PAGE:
Director: Noah Baumbach
Starring: Dustin Hoffman, Adam Sandler, Ben Stiller, Emma Thompson, Grace Van Patten, Elizabeth Marvel
An estranged family gathers together in New York for an event celebrating the artistic work of their father. (Source: IMDb)
The words Adam Sandler and Netflix, are enough to instil fear in even the most hardened of film fans, or at least based on his two recent ‘Happy Madison’ produced offerings, The Ridiculous 6 (2015), and The Do-Over (2016). Mercifully, The Meyerowitz Stories doesn’t fall under this same category despite it being a Netflix production and starring Sandler, and wait for it, Sandler is actually really great in this movie.
This won’t be the biggest surprise to fans of Paul Thomas Anderson’s Punch-Drunk Love, in which Sandler gave inarguably a career best performance. Seemingly in the hands of a good director, and with absolutely zero input in the creative decisions in a film, Sandler is capable of delivering a great performance and he absolutely does that in The Meyerowitz Stories as Danny Meyerowitz. Similarly, Ben Stiller, resigned to voice work, a slew of Night at the Museum movies, and the impossibly terrible Zoolander 2, is on really great form also as Danny’s brother Matthew, giving his best performance in recent memory.
Indeed the cast is so much of what makes this film so watchable, but it also has a remarkable “lived in” quality. Despite hugely recognisable talent on screen, the characters feel well-rounded, exceptionally well developed, and their interactions feel genuine and honest. The Meyerowitz family may be fractured and complex, and the very definition of dysfunctional, but there is a natural rapport which feels incredibly organic. The dialogue is sparkling and despite its often dry and acerbic tone, it is equally never devoid of charm and genuine warmth. The conversations are charmingly anecdotal, with repeated phrases and stories further emphasising the closeness of the family unit, despite their flaws; we never do find out about “the other dog”, but the constant callback to this seemingly inconsequential event is endlessly endearing.
Dustin Hoffman is on magnificent form, and as the only constant in the family, with its revolving door of ex-wives, children and step children, the fractures of the family are gradually and pleasingly resolved as the film progresses. The unity of the siblings – played by Sandler, Stiller and the wonderful Elizabeth Marvel – becomes more and more evident, and as they begin to display more of their father’s characteristics and traits, the dynamic changes.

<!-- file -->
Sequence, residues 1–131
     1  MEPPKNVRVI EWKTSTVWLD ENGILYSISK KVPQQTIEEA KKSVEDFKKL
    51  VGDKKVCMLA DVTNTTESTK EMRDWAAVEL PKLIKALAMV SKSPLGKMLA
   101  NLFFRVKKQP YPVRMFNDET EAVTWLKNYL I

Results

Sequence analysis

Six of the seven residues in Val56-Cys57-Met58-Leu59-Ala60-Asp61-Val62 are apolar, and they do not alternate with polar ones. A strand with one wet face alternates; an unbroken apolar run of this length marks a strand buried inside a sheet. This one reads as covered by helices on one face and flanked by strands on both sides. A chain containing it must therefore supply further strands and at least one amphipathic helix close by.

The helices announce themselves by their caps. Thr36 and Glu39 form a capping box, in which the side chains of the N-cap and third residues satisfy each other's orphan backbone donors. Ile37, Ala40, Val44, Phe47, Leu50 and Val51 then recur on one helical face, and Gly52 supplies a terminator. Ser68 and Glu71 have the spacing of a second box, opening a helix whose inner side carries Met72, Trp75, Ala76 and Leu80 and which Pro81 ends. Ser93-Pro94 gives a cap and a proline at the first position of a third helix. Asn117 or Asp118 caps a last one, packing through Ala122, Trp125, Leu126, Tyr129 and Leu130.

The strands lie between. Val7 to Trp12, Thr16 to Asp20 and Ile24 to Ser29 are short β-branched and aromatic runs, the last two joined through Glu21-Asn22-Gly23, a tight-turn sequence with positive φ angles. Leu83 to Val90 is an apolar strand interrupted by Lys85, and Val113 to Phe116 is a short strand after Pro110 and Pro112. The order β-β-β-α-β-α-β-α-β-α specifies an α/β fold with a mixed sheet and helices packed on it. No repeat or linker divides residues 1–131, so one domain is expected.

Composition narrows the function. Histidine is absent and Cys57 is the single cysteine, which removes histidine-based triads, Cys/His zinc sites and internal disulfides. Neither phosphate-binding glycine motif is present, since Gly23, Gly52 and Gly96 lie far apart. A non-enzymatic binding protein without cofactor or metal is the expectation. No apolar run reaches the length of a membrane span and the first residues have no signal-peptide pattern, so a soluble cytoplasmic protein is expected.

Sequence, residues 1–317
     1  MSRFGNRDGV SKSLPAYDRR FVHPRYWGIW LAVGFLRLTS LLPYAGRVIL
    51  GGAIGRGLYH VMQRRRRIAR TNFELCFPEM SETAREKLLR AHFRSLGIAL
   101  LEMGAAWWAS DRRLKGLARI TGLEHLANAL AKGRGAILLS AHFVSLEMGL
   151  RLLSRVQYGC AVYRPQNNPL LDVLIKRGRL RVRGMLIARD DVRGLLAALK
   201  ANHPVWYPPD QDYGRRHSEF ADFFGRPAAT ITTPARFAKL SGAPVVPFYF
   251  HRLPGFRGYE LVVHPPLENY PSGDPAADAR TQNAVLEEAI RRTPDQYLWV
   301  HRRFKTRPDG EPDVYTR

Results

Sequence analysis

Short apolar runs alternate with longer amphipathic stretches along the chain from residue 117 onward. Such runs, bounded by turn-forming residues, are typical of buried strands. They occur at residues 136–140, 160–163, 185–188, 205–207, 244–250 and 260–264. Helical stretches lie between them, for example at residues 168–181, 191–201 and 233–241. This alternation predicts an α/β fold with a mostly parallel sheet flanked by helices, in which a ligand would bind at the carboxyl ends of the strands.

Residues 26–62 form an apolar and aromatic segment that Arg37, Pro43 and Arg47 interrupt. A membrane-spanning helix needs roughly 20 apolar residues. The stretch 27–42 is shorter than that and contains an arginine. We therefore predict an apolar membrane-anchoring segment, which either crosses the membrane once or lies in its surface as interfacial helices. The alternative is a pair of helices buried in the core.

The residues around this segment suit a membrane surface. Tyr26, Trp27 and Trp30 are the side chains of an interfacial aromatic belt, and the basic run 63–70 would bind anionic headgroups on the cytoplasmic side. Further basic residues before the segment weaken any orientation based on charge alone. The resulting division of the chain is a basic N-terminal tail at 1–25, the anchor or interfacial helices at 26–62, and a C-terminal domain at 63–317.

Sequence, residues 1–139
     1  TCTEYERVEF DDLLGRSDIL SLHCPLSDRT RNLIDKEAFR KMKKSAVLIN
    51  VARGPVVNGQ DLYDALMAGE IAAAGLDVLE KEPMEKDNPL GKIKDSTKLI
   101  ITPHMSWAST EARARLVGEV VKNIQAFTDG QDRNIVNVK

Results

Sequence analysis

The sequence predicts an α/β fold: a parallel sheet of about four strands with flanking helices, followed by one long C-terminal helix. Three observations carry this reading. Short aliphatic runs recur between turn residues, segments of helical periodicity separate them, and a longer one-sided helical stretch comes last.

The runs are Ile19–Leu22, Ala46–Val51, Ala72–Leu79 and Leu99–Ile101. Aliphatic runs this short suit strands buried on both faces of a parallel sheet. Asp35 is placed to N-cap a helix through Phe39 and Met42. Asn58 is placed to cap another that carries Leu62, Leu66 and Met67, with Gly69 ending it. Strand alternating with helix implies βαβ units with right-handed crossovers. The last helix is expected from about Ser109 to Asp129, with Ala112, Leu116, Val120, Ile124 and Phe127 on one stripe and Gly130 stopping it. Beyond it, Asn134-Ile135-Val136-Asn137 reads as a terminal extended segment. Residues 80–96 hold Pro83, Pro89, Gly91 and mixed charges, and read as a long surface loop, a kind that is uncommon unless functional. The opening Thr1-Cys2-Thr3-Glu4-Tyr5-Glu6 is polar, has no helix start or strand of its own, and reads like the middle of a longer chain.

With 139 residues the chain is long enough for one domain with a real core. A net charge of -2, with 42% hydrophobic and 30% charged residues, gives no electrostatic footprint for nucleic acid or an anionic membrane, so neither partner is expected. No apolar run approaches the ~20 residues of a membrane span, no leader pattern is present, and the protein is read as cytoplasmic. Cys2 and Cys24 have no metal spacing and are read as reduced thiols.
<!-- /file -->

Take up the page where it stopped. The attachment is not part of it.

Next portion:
Both loveable and frustrating in equal measure, Hoffman pitches the character of Harold perfectly, and we as the audience are deliberately provoked to feel the same way about him as his estranged children do. Emma Thompson is never not amazing and she is delightfully ditzy as Harold’s latest wife, Maureen.
Feeling somewhat out of place, the hilariously explicit student films of Danny’s daughter Eliza (Grace Van Patten) are not only a wonderfully surreal diversion, but an important parallel to grandfather Harold’s creative output as a sculptor. The theme of art, both its creation and meaning is a subtle theme running throughout the film, and this also ties into the idea of legacy; both of the art created, and the artists creating them. This further adds to the familial dynamic, the passing down of creative talents, and that sense of leaving something behind when you’re gone, and its execution is so subtly and brilliantly weaved throughout the plot.
There’s not much to dislike about this film really; it is undeniably charming and the fantastic cast and wonderful performances mean it is consistently watchable. It is near-on impossible to restore the credibility of Sandler after some of his output of the last few years, but this is at least a step in the right direction; more of this please!